China Design Now, which just opened at Cincinnati Art Museum (CAM) and will be there until Jan. 11, 2009, stands poised to be a high-profile exhibition for the museum. It debuted at London’s Victoria & Albert Museum before the Olympics, and Cincinnati is the first museum to subsequently display it. (Portland gets it next year.)
Capitalizing on the interest in Chinese modernism created by this summer’s successful Beijing Olympics, it is certainly of the moment. It even features prominent images of the Olympics’ biggest success story (after swimmer Michael Phelps), Birds Nest Stadium by the Swiss architectural firm of Herzog & de Meuron.
But beyond the big architectural projects made for China by major Western firms (Rem Koolhaus’ CCTV headquarters also is featured), the draw should be the show’s introduction to a Cincinnati audience of the hip design objects and consumer products coming out of China. The show features the urban centers of Beijing, Shanghai and Shenzhen and their art and design breakthroughs — clothing, music videos and CD covers, posters, cell phones, even skateboards and running shoes.
It has the potential to be a sort of Chinese Beautiful Losers, recalling the successful show of youth-culture art at Contemporary Arts Center a few years back. Design Now also has an unusual gallery design by Yung Ho Chang, head of MIT’s architecture department.
Aaron Betsky, the museum’s director for the past two years, has a background in architecture — he previously was director of the Netherlands Architecture Institute. So he went after this show.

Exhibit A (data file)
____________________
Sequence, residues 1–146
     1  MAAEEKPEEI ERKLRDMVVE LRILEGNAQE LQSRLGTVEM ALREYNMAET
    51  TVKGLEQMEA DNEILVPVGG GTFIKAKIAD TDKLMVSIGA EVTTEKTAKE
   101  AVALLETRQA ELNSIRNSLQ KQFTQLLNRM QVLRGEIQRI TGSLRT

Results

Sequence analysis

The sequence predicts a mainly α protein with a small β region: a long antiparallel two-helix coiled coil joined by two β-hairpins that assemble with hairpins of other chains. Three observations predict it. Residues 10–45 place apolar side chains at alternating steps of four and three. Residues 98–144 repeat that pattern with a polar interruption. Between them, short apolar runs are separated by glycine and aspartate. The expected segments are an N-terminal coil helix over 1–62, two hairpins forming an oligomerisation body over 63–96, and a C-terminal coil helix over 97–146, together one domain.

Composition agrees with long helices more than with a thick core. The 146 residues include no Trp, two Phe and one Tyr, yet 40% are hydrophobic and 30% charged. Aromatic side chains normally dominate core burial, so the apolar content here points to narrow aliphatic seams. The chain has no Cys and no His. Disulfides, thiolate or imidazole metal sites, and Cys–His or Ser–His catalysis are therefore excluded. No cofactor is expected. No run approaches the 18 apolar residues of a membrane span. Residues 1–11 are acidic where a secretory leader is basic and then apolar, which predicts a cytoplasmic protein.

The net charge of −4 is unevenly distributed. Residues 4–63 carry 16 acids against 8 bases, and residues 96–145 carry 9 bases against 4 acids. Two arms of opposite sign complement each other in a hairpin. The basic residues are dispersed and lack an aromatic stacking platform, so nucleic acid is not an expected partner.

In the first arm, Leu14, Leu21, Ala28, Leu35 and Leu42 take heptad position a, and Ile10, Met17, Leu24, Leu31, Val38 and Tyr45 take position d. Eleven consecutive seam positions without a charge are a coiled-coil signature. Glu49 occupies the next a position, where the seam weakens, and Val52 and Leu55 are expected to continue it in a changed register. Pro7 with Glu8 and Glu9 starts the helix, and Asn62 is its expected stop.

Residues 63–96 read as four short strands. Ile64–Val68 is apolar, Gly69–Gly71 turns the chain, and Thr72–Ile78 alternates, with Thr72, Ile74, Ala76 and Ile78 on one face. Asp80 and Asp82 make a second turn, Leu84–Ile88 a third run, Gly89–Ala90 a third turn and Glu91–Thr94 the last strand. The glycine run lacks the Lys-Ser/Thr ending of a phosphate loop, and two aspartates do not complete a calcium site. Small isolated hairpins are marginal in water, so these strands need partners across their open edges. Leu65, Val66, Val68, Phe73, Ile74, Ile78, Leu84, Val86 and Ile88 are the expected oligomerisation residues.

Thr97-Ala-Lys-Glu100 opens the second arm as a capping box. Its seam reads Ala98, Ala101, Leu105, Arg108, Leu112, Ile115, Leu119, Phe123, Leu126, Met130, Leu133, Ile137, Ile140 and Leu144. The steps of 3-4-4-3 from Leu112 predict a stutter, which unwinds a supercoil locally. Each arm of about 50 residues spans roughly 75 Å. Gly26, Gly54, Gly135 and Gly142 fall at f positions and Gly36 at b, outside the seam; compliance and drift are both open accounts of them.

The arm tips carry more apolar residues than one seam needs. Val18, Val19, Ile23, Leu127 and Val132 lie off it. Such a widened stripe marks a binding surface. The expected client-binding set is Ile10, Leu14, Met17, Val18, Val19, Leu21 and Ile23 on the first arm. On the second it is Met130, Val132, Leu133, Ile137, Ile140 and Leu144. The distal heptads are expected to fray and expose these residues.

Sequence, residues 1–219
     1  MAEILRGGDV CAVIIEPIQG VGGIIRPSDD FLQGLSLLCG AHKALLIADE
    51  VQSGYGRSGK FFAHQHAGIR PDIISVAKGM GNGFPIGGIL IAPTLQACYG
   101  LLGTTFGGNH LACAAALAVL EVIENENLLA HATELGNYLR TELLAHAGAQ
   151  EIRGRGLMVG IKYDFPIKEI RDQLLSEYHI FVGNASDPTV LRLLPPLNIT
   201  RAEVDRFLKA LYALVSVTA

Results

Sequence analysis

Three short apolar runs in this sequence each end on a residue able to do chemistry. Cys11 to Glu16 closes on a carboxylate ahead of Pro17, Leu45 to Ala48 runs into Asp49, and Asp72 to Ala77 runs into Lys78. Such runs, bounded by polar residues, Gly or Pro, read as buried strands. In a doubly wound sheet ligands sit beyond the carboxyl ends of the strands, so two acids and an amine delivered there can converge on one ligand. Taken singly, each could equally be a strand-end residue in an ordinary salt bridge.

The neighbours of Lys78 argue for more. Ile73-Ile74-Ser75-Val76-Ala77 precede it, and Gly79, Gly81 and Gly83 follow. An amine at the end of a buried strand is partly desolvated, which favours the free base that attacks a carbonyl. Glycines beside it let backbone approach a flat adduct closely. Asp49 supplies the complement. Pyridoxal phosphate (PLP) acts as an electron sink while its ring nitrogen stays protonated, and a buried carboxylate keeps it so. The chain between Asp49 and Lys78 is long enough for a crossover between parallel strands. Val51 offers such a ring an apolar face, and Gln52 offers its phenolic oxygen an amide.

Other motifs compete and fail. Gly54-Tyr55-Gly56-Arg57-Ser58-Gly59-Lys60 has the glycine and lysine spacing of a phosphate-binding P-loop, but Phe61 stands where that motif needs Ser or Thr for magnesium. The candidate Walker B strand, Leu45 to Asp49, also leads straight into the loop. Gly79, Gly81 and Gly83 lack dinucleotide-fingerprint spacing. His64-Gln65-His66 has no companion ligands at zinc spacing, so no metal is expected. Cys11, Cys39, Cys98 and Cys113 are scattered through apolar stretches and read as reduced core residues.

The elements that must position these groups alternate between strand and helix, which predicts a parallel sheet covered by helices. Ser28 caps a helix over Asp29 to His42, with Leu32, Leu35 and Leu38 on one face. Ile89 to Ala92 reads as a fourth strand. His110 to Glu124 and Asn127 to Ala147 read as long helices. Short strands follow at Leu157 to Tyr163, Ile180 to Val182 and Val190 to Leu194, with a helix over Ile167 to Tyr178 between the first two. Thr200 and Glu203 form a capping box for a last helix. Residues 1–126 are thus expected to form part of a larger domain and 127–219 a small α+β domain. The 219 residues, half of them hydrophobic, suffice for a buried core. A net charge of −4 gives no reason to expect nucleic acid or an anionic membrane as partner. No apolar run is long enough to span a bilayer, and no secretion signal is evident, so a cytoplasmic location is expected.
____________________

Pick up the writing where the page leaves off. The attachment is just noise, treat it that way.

“I think the audience we’re trying to reach is perhaps somewhat younger and more engaged, and also consists of more professional people,” Betsky says. “It’s not just people who come here to see the great Masters, but also people engaged on a day-to-day basis with looking around at popular culture and wondering where it is coming from.”
With that in mind, and also because this has been a costly exhibit to import from London even with a grant from sponsor Procter & Gamble, the normally free museum has made this a ticketed show. It costs $8 to view. Yet the museum doesn’t see this as a national or even regional show. Betsky says the attendance goal is 12,000 — about the same as the last ticketed exhibition, spring’s Rembrandt: Three Faces of a Master.
Most of its efforts will be directed toward Cincinnati — traditional print and Internet advertising plus a few novel twists. For instance, there will be a short teaser ad on the Fountain Square Jumbotron. The museum also is distributing 10,000 fortune cookies with messages promoting the show to Chinese restaurants.
It will be interesting to see if the museum — whose recent “big shows” have been on the more traditional side — can find a sizeable local audience with the exhibition’s contemporary and internationalist focus. It will also be interesting if China Design Now winds up broadening the museum’s audience, both locally and by drawing people from outside Cincinnati.
CONTACT STEVEN ROSEN: firstname.lastname@example.org
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